A few days ago I wrote a lengthy post about our curriculum changes in the upper school;  a day after, our student newspaper was published, which included two articles about those changes it is my pleasure to share here.

Jafe Arnold wrote this piece:

Historic Changes Set for History Department

The 2010-2011 school year is nearing its last breaths of existence, and rumors fill the air of new curriculum changes that could drastically alter the way education here at St. Gregory works.  Mr. Martin, when referring to these changes, said that the idea is to “make freshman and sophomore years more of a foundational education for junior and senior years, in which students will and pursue narrower topics in greater depth.  Depth over breath is what we want.”  But, what exactly are these changes that are directed toward the history department, the department facing extensive reorganization?

After talking with Ms. Heintz and Mr. Martin, it’s been made clear that most of the specifics about the history department altercations are decided, and have been concluded off of a basis for improving students’ history education based upon what a teacher’s expertise is, and what the students want to learn about.

Instead of year-long classes, new semester-length classes are being designed to focus on various specifics within a certain historical category. Several options for these classes will be available. For example, with Doctor Berry, students will most likely have the choice to take either a yearlong AP class, or the semester seminars: “Identities in American History 1919-1970” and “The American West:  Borders and Frontiers.”  The reason for setting up these seminars is to allow teachers to teach classes based upon their expertise, while still maintaining a relevant class topic for “depth over breath” learning.

The history department is still thinking through all the changes, but it’s concrete that the curriculum will be changed to focus on topics in a deeper and more intense manner.  “This will allow things to work for more focus, more inquiry, and more choice, which ultimately acts as more of a college model education” Mr. Martin said.   “It’ll be exciting,” was what Ms. Heintz concluded with a smile.

Natalie Wade wrote this piece, which sits atop the front page:

New Curriculum Changes for next year explained.

Major curriculum changes are coming into effect next year. Some classes are getting cut (such as AP Statistics), but many others are being added. The goal is to offer more electives for students, and make the classes more in depth. Students will have the opportunity to take a class they are really interested in, and to study the subject more in depth.

Changes will be going in to effect in almost all of the departments. In the Math Department, for example, pre-calculus A and pre-calculus B (as separate classes) will not be offered any more. Also, an Introduction to Quantitative Analysis is going to start being offered as the class that students take once they have taken either Algebra II or Algebra II/Trig.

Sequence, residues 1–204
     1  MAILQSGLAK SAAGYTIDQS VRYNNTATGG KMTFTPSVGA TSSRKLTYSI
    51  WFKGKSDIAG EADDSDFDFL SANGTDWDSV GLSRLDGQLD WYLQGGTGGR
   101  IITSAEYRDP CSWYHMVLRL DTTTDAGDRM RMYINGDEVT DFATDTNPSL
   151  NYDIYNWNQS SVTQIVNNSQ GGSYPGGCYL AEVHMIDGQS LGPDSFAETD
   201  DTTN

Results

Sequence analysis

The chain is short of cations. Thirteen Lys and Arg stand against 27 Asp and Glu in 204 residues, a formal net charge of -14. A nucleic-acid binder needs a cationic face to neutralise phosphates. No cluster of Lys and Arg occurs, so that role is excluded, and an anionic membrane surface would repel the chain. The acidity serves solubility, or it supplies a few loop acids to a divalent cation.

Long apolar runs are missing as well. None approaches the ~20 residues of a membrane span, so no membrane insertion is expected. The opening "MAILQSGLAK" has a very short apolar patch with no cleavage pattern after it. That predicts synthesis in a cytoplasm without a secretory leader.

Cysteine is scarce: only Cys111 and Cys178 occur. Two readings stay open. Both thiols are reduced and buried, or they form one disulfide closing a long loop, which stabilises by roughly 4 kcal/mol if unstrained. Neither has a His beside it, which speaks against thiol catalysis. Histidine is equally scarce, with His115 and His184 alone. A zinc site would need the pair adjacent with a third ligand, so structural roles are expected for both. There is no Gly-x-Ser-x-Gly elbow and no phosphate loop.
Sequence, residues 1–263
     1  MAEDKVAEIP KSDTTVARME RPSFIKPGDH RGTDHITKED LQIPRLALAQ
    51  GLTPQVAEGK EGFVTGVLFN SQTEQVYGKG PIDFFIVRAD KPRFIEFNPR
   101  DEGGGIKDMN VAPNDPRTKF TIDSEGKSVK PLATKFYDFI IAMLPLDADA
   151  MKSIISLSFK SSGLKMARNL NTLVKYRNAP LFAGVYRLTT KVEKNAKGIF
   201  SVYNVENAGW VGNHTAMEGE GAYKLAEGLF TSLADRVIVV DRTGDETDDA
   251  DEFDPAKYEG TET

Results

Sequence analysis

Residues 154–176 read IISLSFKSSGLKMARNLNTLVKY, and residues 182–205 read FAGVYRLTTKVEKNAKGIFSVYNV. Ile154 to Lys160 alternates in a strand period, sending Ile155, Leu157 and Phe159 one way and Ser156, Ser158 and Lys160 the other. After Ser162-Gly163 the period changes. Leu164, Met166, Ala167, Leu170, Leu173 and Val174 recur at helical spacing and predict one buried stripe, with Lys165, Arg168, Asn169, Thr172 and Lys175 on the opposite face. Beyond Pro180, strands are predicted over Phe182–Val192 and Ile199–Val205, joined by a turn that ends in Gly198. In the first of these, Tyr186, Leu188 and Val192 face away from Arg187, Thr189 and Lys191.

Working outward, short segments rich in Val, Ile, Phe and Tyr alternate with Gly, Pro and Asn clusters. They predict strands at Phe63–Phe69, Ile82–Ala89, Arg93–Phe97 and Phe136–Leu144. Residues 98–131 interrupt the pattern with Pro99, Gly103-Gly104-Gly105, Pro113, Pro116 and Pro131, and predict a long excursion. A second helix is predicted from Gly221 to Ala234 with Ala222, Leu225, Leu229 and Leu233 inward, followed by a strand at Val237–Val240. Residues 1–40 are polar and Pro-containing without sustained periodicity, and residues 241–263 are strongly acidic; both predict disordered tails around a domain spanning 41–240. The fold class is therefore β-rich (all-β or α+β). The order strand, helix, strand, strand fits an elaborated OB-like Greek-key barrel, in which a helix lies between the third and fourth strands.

In the History Department, AP European history and a new course (The West and World) will be made available to freshmen. AP U.S. History will now be available to sophomores, as well as regular U.S. History and AP Euro. For Juniors, semester long classes will be The American West: Borders and Frontiers, Identities in American History 1917-1970 and AP U.S (one of these classes is required each semester). For senior year, AP Government will still be offered, along with Law and Policy in American Government (for which AP Government is a pre-requisite), Comparative Religion and Economics.

Not much is being changed in the English or Science Departments this year, but hopefully in the coming years certain classes will be inter-departmentalized, so a student may be taking a history class on the West, a science class about the West and an English class on Western literature.

The only changes being made to the English Department are the senior courses to be offered. Instead of AP English, the English department will be offering Narratives of Place, Does Race Matter?, Shakespearean Tragedy, and Duty, Leadership and Power (which will all be offered as semester long classes at the AP level). Subsequent years will bring more changes to the English department.

In Fine Arts, one of the required courses to be completed before graduation will be Historical Innovations in Art, Music or Theater. Also, one-semester electives will be offered every year (but not all are offered at the same time). Ceramics, Stagecraft, Stencils and Printmaking Techniques, Beginning Drama, Band, Choir, Beginning Art and Photography will be the semester-long offerings. The mandatory sophomore Survey of Art/Music History class will not be required of sophomores; it only has to be completed before graduation.

Mr. Martin has also decided to keep the foreign language department offerings the same for at least the next two years, although he hopes to integrate Mandarin as a language course in the future.